But you’ll probably have to reach out to potential customers, so learn some basic sales skills, including how to find a qualified prospect (do you want to sell to over the road drivers or to local fleets?), do a needs analysis (what pain points are they experiencing, or what are they not able to achieve in their current setup), do a solution presentation (explain what you and your shop have to offer, and how you will solve their pain points), and propose and close a deal.
What Tools Will I Need?
Get the Right Tools for the Shop
Having the right tools for the job can mean the difference between an 8-hour day and a 14-hour day. You will need to get tools for both the service side and the office side so work can get done in a reasonable amount of time.
As the shop grows, you will be expected to provide certain tools for your employees. Keep an eye out for good deals, and only buy what you know you will need. There are certain tools you cannot do without, so make sure to have these on hand. This includes diagnostic software. There is nothing more frustrating for a technician than not having the right tool for the job.
Get the Right Tools for the Office
Just like on the service side, having the right tools on the office side is critical to a successful shop. We recommend Fullbay for shop management (work orders aka repair orders or service orders) and Quickbooks Online for your accounting. This combination seamlessly bridges the gap between the shop and the office, and makes your shop more efficient and less painful to run.
You’re going to need to keep a record of the work you do for customers, and produce accurate invoices. There are many software programs out there, but most are built for light duty work. Find a program that takes into account the needs of heavy duty repair, like maintaining fleets, tracking PMs, and handling customer purchase orders and authorization. You will also need an accounting program.
Server or Cloud?
Consider whether you want to bear the expense of a server in your shop, or whether you’ll go cloud based with your software. Fullbay and Quickbooks Online are web-based and talk to each other in real time. You won’t have to be at the shop to finish your documentation or to run financial reports. You can do it from home, or on the road. (Or from a hunting base camp that happens to have cell coverage.)
How do I write a business plan?
Before you write a business plan, you must “plan your plan.” Take the advice from this Entrepreneur.com article and ask yourself these questions:
1. How determined am I to see this succeed?
2. Am I willing to invest my own money and work long hours for no pay, sacrificing personal time and lifestyle, maybe for years?
3. What’s going to happen to me if this venture doesn’t work out?
4. If it does succeed, how many employees will this company eventually have?
5. What will be its annual revenues in a year? Five years?
6. What will be its market share in that time frame?
7. Will it be a niche marketer, or will it sell a broad spectrum of good and services?
8. What are my plans for geographic expansion? Local? National? Global?
9. Am I going to be a hands-on manager, or will I delegate a large proportion of tasks to others?
10. If I delegate, what sorts of tasks will I share? Sales? Technical? Others?
11. How comfortable am I taking direction from others? Could I work with partners or investors who demand input into the company’s management?
12. Is it going to remain independent and privately owned, or will it eventually be acquired or go public?
Keep your overhead low. Too many business start off with shiny new equipment and huge debt before they even have a customer. Successful businesses bootstrap early on, buy used where possible, and only buy what is truly needed.
Cash is King
Cash flow and profit are not the same thing. This is a crucial lesson. You may have a paper profit of $1000 on a job, but what if you give the customer 30 days to pay? In those 30 days, you’ll have to pay your technician, pay for the parts, pay rent on your building, and cover all your other expenses. So until day 30 hits, you may be profitable but you are cash flow negative. You make up for this by getting 30 day terms with your parts supplier, having enough working capital (aka cash) in the bank to hold you over, and being very careful not to give customers credit who are not going to pay on day 30.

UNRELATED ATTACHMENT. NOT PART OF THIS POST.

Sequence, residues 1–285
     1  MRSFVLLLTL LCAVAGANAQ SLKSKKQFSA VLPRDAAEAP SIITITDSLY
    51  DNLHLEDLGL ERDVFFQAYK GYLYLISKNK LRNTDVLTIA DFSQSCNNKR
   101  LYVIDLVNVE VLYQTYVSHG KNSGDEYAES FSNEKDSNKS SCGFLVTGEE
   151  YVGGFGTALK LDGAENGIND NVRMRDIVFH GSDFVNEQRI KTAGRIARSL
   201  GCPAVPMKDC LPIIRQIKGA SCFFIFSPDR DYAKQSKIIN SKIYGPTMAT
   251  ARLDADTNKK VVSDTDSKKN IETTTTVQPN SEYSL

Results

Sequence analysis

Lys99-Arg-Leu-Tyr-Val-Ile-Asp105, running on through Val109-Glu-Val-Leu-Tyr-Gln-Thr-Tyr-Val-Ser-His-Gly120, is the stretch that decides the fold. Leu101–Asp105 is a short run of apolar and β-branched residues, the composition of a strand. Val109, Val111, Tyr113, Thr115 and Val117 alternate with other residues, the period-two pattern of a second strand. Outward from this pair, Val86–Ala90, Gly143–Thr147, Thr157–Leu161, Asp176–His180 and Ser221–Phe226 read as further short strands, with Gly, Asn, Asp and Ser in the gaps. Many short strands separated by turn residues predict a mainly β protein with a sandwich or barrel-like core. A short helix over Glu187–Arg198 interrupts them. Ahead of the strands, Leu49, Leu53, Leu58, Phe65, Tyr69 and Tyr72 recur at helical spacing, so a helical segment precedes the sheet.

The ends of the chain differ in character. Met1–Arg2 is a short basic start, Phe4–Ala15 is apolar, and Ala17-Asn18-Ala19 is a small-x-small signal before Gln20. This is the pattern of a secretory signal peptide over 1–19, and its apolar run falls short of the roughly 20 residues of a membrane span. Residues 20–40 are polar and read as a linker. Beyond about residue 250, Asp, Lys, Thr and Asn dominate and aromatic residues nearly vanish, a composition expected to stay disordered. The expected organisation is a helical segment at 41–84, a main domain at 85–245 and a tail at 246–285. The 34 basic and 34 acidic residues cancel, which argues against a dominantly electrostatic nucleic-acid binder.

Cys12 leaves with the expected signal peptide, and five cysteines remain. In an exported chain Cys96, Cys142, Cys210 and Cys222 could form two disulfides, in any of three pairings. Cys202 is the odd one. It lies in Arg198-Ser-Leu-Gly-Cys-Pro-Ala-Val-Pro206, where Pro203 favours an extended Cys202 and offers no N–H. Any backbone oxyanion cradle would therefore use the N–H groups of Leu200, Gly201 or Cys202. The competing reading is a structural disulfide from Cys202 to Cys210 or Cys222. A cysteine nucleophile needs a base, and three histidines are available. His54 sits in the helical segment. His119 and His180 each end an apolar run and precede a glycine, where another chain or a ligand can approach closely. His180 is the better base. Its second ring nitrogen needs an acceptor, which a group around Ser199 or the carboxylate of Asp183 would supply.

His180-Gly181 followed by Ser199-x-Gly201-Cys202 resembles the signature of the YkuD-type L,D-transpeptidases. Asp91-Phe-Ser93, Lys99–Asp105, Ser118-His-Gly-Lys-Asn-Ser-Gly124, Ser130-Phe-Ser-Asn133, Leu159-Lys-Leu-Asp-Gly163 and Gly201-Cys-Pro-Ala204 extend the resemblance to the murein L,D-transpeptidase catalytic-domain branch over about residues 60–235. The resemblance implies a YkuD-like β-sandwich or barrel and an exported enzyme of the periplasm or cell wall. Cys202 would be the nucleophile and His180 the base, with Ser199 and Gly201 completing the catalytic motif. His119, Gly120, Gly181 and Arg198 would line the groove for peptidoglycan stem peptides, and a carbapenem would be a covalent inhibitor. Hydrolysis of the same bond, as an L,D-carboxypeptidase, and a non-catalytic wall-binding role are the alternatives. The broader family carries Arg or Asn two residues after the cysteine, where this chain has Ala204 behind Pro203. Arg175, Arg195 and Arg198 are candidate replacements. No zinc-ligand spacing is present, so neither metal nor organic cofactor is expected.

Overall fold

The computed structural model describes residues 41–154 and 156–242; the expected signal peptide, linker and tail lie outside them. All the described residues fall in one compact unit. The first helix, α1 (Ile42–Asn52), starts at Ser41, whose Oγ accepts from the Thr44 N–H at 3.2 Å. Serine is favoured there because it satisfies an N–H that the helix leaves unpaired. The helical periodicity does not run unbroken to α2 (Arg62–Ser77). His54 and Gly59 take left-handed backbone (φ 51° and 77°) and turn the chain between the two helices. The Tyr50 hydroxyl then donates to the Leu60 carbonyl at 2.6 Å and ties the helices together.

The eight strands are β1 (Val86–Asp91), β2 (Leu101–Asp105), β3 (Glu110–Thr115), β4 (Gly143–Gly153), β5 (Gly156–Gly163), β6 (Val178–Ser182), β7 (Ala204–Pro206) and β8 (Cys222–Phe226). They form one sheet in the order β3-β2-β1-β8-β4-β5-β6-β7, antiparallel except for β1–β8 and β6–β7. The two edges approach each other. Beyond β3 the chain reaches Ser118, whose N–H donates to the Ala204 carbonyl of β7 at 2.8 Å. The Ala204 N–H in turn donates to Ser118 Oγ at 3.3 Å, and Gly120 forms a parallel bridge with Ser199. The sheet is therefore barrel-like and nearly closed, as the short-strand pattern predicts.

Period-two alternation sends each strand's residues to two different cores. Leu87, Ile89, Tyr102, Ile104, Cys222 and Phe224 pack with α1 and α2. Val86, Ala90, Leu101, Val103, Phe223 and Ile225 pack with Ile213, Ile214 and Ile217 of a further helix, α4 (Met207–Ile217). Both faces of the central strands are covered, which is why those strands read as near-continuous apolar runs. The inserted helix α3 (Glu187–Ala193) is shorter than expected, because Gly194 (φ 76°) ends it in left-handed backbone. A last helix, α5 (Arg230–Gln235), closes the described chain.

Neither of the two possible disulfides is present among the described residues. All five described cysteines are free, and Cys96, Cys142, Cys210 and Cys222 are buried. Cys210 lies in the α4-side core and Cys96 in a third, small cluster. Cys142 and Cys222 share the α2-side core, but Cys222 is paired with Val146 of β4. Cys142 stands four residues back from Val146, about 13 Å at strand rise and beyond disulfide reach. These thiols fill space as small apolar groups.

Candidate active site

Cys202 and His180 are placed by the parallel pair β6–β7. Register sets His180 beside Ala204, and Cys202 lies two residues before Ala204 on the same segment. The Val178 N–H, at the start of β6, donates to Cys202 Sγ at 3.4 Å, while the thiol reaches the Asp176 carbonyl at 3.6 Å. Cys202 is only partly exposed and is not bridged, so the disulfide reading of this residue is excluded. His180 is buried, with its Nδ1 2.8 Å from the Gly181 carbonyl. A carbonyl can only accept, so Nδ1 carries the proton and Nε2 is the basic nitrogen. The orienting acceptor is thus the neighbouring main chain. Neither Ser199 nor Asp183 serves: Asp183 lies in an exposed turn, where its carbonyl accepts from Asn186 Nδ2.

What labor rate will you charge?
Don’t go cheap, but make sure you are charging a competitive rate. Check with shops in the area and choose a rate within a reasonable range. Consider charging a better rate to customers who will preauthorize you to do their preventive maintenance.
What will your parts markup be?
A good rule of thumb is to keep your parts cost less than 25% of total revenue. Parts can be expensive, even more so if you’re carrying them in inventory. Mark up the parts at least enough to cover the cost of your parts room, the carrying cost of the inventory, and the cost of a parts manager. We see markups anywhere between 30% and 60%. Consider using a graduated scale, where the markup percentage goes down the more expensive a part is.
How much insurance will you need?
Check your federal, state, and local regulations on what insurance you will be required to carry. The liability on some of the jobs you do, for example brake jobs, can be large. Make sure you are not underinsured.
Focus on fleet work. Walk in work is quick cash, and there is a real need for good shops to help over the road guys. But as much as you can, build up a base of customers who have multiple units. Track PMs for them and act like a jealous girlfriend — don’t let other shops work on their trucks. He who controls the PMs, controls the repairs. Not only do PMs have better margins than repairs, over time you can help these customers lower the cost of maintaining their fleet as you find problems before they cause down time. It’s a true win/win.
It’s one thing to have a great idea, and even to have a great plan. Actually executing on that plan is a whole other ballgame.
So how do you pull the trigger? If it doesn’t violate the agreement with your current employer, start doing side work until you build up a large enough customer base to give you confidence to venture on your own.
If you have to bail from your current job to get going, have a good amount in savings to make it through the first few months. Dave Ramsey has some great advice in this area.
If you can pull it off, choosing to start a diesel repair shop could be the best move you’ve ever made. Good luck!
Disclaimer: Please note that this is general information only and not intended as legal advice or guidance. You should seek appropriate legal counsel before undertaking any new venture.